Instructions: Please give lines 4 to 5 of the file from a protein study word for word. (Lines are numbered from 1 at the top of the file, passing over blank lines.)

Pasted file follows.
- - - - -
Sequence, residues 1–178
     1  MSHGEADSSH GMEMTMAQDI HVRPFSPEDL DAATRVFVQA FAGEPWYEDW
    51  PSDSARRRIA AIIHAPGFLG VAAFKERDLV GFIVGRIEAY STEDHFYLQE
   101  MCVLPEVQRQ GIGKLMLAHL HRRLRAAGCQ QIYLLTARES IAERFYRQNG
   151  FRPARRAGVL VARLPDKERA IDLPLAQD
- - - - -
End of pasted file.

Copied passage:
   101  MCVLPEVQRQ GIGKLMLAHL HRRLRAAGCQ QIYLLTARES IAERFYRQNG
   151  FRPARRAGVL VARLPDKERA IDLPLAQD